Contempt of Court: A Scholar's Battle for Free Speech from Behind Bars

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Rowman Altamira, 2005 - Political Science - 223 pages
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In 1993 Rik Scarce was imprisoned for contempt of court in Spokane, Washington. For five months he refused to testify to a federal grand jury about his interviews with animal rights activists after they had broken into a research laboratory, and his story made headlines in numerous newspapers. Now Scarce tells of his jailing and the rationale behind his ethical stance, bringing an ethnographer's trained sensibility and a journalist's storytelling skill to his tale. Viewed as an outsider even by his fellow inmates, Scarce gained from his imprisonment a painful, rare glimpse of the jail world. This text raises serious questions about the failures of the American justice system and protection of civil liberties, and is a valuable resource for criminologists, sociologists, and corrections professionals.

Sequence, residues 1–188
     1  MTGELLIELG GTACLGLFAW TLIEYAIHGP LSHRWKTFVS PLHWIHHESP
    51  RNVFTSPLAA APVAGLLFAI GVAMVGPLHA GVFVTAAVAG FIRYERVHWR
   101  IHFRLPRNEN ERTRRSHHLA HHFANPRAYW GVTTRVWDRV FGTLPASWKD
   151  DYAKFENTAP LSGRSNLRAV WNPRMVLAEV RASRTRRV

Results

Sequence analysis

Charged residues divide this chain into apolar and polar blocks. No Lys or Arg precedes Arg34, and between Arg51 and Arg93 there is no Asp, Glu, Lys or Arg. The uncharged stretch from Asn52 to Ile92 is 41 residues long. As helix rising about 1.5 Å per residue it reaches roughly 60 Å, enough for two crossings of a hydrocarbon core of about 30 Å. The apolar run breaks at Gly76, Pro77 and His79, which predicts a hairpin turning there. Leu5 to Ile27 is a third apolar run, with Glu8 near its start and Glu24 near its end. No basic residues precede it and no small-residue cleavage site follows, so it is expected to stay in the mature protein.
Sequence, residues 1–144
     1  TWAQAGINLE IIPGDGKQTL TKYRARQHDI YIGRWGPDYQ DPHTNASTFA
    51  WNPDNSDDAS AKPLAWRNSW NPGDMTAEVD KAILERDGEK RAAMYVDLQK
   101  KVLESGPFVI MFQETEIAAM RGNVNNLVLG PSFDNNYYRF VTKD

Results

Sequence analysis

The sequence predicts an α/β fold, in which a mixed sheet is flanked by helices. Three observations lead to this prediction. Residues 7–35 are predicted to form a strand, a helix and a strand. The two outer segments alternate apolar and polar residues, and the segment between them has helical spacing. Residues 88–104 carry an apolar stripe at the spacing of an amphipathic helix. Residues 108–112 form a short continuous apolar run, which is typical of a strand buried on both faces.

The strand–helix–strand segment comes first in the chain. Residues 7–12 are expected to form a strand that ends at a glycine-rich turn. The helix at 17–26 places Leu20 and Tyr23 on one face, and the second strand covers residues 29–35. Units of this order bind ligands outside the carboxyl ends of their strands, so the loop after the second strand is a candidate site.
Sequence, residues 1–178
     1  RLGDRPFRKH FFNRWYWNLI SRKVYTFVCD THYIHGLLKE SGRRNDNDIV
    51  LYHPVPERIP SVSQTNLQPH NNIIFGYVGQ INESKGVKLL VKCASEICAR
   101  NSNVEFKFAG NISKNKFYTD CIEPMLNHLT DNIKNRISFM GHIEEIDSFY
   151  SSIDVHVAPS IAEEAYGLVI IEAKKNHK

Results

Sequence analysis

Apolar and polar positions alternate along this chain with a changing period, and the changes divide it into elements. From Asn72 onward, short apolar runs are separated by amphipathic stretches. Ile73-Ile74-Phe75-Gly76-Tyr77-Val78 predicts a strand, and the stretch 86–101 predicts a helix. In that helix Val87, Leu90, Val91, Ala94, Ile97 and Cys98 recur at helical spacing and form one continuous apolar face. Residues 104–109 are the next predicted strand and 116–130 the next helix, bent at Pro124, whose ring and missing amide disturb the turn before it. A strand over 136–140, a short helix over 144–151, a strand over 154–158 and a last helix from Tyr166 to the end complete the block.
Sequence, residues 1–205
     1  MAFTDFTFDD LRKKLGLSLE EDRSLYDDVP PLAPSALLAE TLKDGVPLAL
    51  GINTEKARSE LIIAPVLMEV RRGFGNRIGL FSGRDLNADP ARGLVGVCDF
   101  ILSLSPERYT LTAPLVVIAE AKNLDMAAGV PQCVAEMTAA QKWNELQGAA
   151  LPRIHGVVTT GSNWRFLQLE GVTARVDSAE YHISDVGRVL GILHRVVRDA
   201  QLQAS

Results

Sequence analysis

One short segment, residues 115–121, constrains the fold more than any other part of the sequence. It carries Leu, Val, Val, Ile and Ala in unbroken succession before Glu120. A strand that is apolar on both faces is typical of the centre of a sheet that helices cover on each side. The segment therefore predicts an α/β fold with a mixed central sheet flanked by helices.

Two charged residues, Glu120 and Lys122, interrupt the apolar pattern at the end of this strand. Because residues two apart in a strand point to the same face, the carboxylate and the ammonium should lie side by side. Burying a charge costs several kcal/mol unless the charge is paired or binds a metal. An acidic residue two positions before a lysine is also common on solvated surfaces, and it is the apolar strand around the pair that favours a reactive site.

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Contents

A Sense of Justice
1
Kicking Uncle Sams Ass
23
Find Me Some Amendments
73
The Meaning of Devotion
121
Id Gladly Die Right Now
151
Joint Joints
175
A Final Rollup
195
Some Things Do Not Come to Pass
203
Notes
217
Credits
221
About the Author
223
Copyright

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About the author (2005)

Rik Scarce is the author of two books, Eco-Warriors: Understanding the Radical Environmental Movement (1990) and Fishy Business: Salmon, Biology, and the Social Construction of Nature (2000). He is a professor in the Department of Sociology at Skidmore College, and previously taught at Michigan State University and Montana State University. He has also been a newspaper reporter, worked as an aide to two politicians, and has done research and writing for a consulting firm.

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